Liberal leaning Wiki https://en.wikipedia.org/wiki/List_of_power_stations_in_California


The rolling blackouts every summer due to inadequate supply I have trouble with.

California has first rolling blackouts in 19 years

And 19 years ago it was part of the entanglement with Enron


2001 F150 SuperCrew
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Reisender

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Posted: 01/30/21 07:23pm Link  |  Print  |  Notify Moderator

SPRey wrote:

Reisender wrote:

SPRey wrote:

Don't EV require between 50-100 kWh to fully charge the battery (0-100%)? Multiply that by 100 million, and it is "danger danger Will Robinson".


Good morning. No. A typical commute in North America is about 50 KM or roughly 8 KW of power. Equate it to your gas tank. You may have a 20 gallon tank but do you fill it every day? Probably not. The most commonly sold EV's now have 400 to 550 kilometers of range so they may only charge once a week. Or every night for an hour.

This is why power companies are not worried about the immediate impact on neighborhood infrastructure. Many who buy an electric car just charge with the 120 volt 15 amp receptacle in their driveway or garage. We did that for a couple years with no issues. We eventually upgraded...just because. But it really made no difference. The car still charges between 1 and 5 in the morning, its just done charging after 45 minutes now. [emoticon]

We have since sold this car, but it was my daily commuter for years. You can see it connected to our soffit christmas light 120 volt 15 amp outlet.

[image]


I am not referring to commuting, rather "filling up a battery". Is this statement incorrect?

Don't EV require between 50-100 kWh to fully charge the battery (0-100%)?

I have been known to drive a thousand miles a week (50k a year) and as little as 6k a year. Driving is situational and personal. My point is, it takes a lot of juice for 100 million people to charge their batteries. The demand will exceed capacity and, just like California, the power company will have rolling black outs. No power = no juice to charge battery.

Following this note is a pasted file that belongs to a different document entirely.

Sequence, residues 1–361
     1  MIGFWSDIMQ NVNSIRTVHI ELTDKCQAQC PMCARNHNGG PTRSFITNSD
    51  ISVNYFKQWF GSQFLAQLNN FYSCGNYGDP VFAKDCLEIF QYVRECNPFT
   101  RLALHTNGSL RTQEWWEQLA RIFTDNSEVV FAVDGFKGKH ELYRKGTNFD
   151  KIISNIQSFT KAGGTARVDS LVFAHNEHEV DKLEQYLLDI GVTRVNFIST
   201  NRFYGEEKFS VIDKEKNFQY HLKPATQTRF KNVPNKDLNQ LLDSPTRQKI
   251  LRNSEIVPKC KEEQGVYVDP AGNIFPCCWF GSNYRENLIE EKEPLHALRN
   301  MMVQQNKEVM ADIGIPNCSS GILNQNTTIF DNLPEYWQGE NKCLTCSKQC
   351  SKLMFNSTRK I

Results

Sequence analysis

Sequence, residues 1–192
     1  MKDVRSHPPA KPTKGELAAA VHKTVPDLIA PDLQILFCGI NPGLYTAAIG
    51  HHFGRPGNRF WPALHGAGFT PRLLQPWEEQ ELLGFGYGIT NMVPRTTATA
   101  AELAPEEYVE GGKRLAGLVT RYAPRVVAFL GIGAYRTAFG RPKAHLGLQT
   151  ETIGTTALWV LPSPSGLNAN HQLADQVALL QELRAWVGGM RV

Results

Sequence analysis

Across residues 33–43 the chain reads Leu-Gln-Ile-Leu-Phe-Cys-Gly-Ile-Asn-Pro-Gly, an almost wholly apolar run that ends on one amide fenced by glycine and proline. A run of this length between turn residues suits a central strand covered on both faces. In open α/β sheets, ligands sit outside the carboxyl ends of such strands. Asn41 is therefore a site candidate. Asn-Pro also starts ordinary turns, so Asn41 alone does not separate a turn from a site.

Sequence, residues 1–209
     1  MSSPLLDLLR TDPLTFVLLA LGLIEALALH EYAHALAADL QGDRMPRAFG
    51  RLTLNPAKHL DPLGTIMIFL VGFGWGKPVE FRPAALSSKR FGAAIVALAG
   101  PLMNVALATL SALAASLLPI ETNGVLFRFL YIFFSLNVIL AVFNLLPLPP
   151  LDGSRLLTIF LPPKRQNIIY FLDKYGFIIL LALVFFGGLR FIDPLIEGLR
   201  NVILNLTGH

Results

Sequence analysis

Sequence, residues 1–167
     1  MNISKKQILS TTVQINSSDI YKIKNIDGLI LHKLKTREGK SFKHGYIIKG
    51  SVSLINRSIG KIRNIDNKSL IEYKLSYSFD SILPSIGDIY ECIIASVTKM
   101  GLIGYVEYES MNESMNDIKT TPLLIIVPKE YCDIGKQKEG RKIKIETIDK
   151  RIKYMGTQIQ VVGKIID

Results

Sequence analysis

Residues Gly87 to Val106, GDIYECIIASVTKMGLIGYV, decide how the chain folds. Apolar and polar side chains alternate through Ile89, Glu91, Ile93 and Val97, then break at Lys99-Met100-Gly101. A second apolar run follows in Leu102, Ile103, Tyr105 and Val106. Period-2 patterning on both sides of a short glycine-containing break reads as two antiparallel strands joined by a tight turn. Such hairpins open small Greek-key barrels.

Sorry. Just not following the logic. People are not going to go home every night and fill a 100 KW battery unless everybody in the nation drives 600 km per day.

Power companies like B.C. hydro are expecting light vehicle EV usage (pickups, cars, SUV’s ) yo add about 19 percent load to the grid over the next 30 years. Easy for any modern nation to achieve.

European countries are already dealing with this as their EV adaption rates are much higher than North America.

Personally I’m going to let BC hydro worry about it. They seem to have it well in hand.

time2roll

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Posted: 01/30/21 07:39pm Link  |  Print  |  Notify Moderator

CA has unused solar and wind due to curtailments every day. We need EVs to use this available power.

http://www.caiso.com/informed/Pages/ManagingOversupply.aspx#dailyCurtailment

nickthehunter

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Posted: 01/31/21 07:08am Link  |  Print  |  Notify Moderator

As far as I”m concerned, most of this thread is pure garbage. Claims of all types are backed up by nothing. My dad told me “if it seems to good to be true, it probably isn’t. When I read posts like this thread where people are boasting about all the supposed Benefits, I keep tripping over the fact that all these claims and boasts are accompanied by links to reliable sources. And so when I discard everything the has no backup, I’m left with 12 pages of an entertaining science fiction novel.

I suspect the truth is a wildly different story then the one predicted here, with a hell of a lot more zeroes behind the ultimate price tag.

TomG2

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Posted: 01/31/21 07:35am Link  |  Print  |  Notify Moderator

Pick a year. 2040, 2060, 2080. At some time oil will become scarce and expensive. Won't affect those on here knocking renewable energy now but will matter to their grandchildren and future generations. Denial will not change the outcome.

Reisender

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Posted: 01/31/21 08:29am Link  |  Print  |  Notify Moderator

nickthehunter wrote:

As far as I”m concerned, most of this thread is pure garbage. Claims of all types are backed up by nothing. My dad told me “if it seems to good to be true, it probably isn’t. When I read posts like this thread where people are boasting about all the supposed Benefits, I keep tripping over the fact that all these claims and boasts are accompanied by links to reliable sources. And so when I discard everything the has no backup, I’m left with 12 pages of an entertaining science fiction novel.

I suspect the truth is a wildly different story then the one predicted here, with a hell of a lot more zeroes behind the ultimate price tag.


Well, it comes down to GM (and other companies) speculating on wether there will still be a market for anything with a tailpipe in 2035. Does GM sell vehicles in Western Europe. I actually don’t know. But I can guarantee you, in 13 years and 11 months nobody in western Europe is going to be interested in buying some stinky high maintenance expensive to run ancient technology clunky gasser with a tail pipe vehicle. We travel a lot in Europe, and the people in cities already hate vehicles with tail pipes and many down town areas are already closed to any vehicle with a tail pipe.

Like I say. I have no idea if GM sells vehicles in Europe so not sure if this is relevant.